Hossein Salami, Revolutionary Guards commander-in-chief, August 22, 2022: “The Zionists have no safe haven in occupied Palestine and all parts of the land are within the reach of Palestinians resistance movements’ firepower. When Lebanese resistance movement Hezbollah is added to this equation, the conclusion is the deployment of hundreds of thousands of missiles that are pointed at the Zionist regime.”

Mohammad Marandi, adviser to the Iranian nuclear negotiations team in Vienna, following the August 12, 2022, assassination attempt against Salman Rushdie: “I won’t be shedding tears for a writer who spouts endless hatred and contempt for Muslims and Islam. A pawn of empire who poses as a Postcolonial novelist.”

These most recent statements must be seen against the backdrop of more than four decades of extreme anti-American, anti-Israel, and anti-Western rhetoric from Iranian officials. “Death to America! Death to Israel!” are routine utterances at state-sponsored rallies – most recently in February 2023 at the 44th anniversary of the 1979 Islamic revolution – and remain core pillars of the Iranian regime’s ideology.

Lack of Transparency
Score: 19 points

Iran continues to deceive the International Atomic Energy Agency (IAEA) and violate its safeguards agreement. It also has reduced the monitoring required under the Joint Comprehensive Plan of Action. It promised in early March 2023 to restore surveillance measures under the JCPOA. While that task has proceeded, progress has been slower than expected. Moreover, there is no change in Iran’s refusal to share either new or old camera surveillance data with the IAEA. On balance, Iran’s transparency warrants a threat assessment score of 19 points, an overall increase of two from October 2022. This increase accounts for worsening safeguards compliance but slightly improved JCPOA monitoring (Considerable Danger).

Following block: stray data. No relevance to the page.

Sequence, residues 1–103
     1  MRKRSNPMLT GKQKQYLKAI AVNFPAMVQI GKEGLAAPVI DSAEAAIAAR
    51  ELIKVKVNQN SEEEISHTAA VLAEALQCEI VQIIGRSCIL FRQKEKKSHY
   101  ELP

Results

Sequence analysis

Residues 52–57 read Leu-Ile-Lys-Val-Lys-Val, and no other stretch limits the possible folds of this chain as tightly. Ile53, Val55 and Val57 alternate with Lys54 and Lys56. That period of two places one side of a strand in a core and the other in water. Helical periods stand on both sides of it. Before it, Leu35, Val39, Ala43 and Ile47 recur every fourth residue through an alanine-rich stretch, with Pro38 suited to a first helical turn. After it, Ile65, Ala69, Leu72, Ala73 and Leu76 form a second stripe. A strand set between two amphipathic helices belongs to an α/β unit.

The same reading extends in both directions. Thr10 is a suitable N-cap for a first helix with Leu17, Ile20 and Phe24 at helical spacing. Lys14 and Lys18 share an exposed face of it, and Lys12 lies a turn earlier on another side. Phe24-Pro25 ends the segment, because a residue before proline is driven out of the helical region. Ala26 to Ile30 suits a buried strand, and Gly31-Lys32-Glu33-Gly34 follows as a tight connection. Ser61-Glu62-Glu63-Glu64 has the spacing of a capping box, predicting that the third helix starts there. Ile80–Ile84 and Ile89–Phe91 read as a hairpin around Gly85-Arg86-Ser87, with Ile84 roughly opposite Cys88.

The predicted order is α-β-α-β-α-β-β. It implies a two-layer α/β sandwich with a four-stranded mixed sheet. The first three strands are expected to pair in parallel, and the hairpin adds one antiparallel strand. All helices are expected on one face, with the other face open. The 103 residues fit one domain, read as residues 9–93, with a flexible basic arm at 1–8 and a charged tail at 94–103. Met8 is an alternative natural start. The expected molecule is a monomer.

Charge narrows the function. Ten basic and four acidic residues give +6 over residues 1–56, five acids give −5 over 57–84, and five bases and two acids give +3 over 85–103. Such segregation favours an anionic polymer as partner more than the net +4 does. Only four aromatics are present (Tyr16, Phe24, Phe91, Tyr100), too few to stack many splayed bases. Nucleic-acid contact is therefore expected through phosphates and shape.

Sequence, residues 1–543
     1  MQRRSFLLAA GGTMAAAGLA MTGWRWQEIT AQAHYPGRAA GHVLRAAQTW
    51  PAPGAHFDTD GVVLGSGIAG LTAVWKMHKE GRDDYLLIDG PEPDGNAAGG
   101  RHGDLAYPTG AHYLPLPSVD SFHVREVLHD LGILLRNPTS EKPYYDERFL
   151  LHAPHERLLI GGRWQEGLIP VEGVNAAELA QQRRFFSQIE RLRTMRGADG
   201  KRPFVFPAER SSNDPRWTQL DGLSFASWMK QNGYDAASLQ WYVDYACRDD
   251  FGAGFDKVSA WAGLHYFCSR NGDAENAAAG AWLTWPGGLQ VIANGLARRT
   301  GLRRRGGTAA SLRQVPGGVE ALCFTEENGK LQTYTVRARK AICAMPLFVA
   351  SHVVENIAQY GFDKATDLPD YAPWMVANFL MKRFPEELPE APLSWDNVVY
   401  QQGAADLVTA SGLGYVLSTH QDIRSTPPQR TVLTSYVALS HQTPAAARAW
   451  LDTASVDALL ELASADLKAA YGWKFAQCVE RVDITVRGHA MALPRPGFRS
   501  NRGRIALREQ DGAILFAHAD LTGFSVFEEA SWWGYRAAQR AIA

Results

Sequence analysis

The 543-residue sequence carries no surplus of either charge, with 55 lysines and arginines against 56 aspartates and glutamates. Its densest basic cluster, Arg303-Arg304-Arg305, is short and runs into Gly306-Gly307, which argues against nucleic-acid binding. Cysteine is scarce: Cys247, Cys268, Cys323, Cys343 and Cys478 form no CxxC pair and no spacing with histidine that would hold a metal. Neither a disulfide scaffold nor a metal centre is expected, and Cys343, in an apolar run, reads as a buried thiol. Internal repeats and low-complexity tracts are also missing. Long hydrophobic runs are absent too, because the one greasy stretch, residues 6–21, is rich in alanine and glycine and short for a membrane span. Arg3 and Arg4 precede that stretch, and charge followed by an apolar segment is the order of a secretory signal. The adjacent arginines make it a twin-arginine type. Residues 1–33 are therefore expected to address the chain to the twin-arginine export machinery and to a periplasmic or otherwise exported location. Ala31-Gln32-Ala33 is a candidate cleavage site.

Safeguards violations and Iranian non-cooperation
Iran has consistently violated its obligations under its comprehensive safeguards agreement (CSA), a key part of the verification of the Nuclear Non-Proliferation Treaty (NPT). It has refused to cooperate with the IAEA and fully account for its past and present nuclear activities, and obstructed IAEA inspections by razing and sanitizing related nuclear sites. For four years, the IAEA has been investigating the presence of anthropogenic (of human origin) uranium particles it detected at three Iranian sites, and was seeking information about nuclear material and activities at a fourth site. The four sites are Turquz Abad, Varamin, Marivan, and Lavisan-Shian. Out of these four sites, three were discussed in Iran’s Nuclear Archive, and all four are related to Iran’s former and possibly ongoing work on nuclear weapons. In March 2022, the IAEA found Iran in breach of its safeguards obligations for failing to declare its use of nuclear material at Lavisan-Shian. In June 2022, and again in November 2022, the IAEA’s 35-nation Board of Governors overwhelmingly passed a censure resolution against Iran for non-cooperation with the IAEA, with only China and Russia voting against.

The IAEA concluded in September 2022, it is “not in a position to provide assurance that Iran’s nuclear program is exclusively peaceful.” The situation has not improved since then. This means the IAEA continues to be unable to verify Iran’s compliance with its CSA and the NPT.